Thursday, October 30, 2008

Court Rules it OK to Pray in Jesus' Name

The 11th Circuit Court has ruled that it is OK for a county government to open its meetings with prayers in Jesus' name, so long as other constitutional protections are met. They said courts should not "parse the content" of prayers.

In one sense it is a victory for freedom of religious expression, but even the principle that the federal courts have standing to rule in this case is an extra-constitutional usurpation of state power. Further, it re-enforces the abhorrent doctrine that the federal courts are the sole arbiters of what religious practices are allowed.

I believe it was Daniel Webster or James Madison who said that "the very definition of tyranny is when all powers are gathered together in one place". By this sensible standard it is clear that current judicial practice is religious tyranny, even if our black-robed masters lengthened our leash a bit in this one case.

Even a child could read the constitution and see that this view of things is wrong. The first amendment specifically says that "CONGRESS shall make no law respecting and establishment of religion or prohibiting the free exercise thereof". It is crystal clear that this amendment was a restriction on the power of the FEDERAL government, and not that of the several states.

The amendment does not restrict the power of the several state governments in any way, either to practice religion or to ban such practice. Instead, it prevents the federal government from meddling by prohibiting Congress from making any laws in this sphere. Where the federal legislative can make no law, the federal executive can take no action, there being no law to enforce. Likewise, there should be no law for the judiciary to interpret. Were the Constitution respected, the federal courts should acknowledge that they have no standing in the case of restrictions on the religious practices of the people, or their state and local governments. Unfortunately, the Federal government of the United States does not adhere to the constitution.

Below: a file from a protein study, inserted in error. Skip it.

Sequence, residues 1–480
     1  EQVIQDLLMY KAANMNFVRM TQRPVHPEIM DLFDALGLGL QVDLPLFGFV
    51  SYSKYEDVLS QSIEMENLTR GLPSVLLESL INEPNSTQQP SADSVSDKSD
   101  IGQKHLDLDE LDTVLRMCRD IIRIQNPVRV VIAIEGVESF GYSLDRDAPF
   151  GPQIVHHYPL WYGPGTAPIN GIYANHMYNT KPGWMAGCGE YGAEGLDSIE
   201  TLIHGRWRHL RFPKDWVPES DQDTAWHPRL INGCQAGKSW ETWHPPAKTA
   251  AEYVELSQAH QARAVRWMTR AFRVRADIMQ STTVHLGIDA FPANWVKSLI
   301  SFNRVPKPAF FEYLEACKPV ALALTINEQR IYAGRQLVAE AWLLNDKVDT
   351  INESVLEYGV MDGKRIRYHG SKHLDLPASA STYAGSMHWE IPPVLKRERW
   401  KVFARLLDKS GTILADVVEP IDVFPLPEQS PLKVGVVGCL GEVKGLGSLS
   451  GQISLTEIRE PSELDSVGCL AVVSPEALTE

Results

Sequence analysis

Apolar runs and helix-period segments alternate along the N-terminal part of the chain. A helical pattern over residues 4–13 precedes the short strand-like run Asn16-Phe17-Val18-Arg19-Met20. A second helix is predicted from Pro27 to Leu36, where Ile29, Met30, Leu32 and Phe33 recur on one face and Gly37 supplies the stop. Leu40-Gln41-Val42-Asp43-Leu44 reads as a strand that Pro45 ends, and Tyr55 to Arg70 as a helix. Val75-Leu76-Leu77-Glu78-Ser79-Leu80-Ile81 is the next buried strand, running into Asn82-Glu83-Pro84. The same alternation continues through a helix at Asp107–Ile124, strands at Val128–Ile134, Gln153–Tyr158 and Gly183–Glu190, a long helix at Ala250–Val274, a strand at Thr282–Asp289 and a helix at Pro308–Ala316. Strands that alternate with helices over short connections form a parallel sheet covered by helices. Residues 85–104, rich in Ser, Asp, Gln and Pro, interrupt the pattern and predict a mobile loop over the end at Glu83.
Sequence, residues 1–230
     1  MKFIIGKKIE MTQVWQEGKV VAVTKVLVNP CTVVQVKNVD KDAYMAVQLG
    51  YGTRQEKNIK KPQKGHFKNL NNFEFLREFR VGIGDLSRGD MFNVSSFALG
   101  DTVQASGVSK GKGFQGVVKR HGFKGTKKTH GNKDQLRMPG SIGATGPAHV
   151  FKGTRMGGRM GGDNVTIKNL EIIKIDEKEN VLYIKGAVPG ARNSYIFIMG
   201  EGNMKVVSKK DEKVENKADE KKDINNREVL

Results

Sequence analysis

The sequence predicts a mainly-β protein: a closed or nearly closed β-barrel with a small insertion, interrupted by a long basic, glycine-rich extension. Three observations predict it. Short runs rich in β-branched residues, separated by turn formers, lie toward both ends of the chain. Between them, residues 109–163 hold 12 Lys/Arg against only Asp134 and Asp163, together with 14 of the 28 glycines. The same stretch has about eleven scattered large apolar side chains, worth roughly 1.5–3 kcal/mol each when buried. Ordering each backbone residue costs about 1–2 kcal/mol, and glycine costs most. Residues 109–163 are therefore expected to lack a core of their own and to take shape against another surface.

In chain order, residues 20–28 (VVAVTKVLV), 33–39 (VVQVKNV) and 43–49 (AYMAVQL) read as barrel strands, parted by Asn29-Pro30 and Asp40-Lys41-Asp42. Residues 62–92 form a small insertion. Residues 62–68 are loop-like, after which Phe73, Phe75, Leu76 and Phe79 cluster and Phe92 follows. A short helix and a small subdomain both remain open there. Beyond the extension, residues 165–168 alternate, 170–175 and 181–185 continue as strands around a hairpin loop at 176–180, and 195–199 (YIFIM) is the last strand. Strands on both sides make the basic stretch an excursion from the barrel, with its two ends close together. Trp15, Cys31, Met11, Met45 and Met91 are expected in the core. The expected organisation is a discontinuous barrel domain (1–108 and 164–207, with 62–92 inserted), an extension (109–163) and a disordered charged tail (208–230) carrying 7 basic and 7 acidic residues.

The amendment has been twisted to make the federal power the sole authority to determine what religious practices are allowed in states and localities by the people. This turns the intent of the amendment completely on its head. Its whole purpose was to keep the federal power out of the people's business when it comes to practices of faith- including practices within local governments.

State legislatures can and did have their own state churches for many years after the constitution took effect, and it was never seen as a violation of the first amendment of the federal constitution. Since that time, most states have enacted similar provisions in their constitutions, and that is the rightful place to determine what local government behaviors cross the line vis-a-vi religious liberty.

The idea that Washington D.C. is the place where all matters are to be decided is against the spirit, history, and constitution of this nation.


Anonymous Anonymous said...

Your post is quite wrongheaded. Is it truly your impression that the only place that the First Amendment should apply -- to protect freedom of speech from government action, for instance -- is Washington DC? That is the implication of your post.